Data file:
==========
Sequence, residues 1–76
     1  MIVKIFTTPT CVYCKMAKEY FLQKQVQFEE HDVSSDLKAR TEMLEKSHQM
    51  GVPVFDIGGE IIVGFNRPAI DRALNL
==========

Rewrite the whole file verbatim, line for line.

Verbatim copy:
Sequence, residues 1–76
     1  MIVKIFTTPT CVYCKMAKEY FLQKQVQFEE HDVSSDLKAR TEMLEKSHQM
    51  GVPVFDIGGE IIVGFNRPAI DRALNL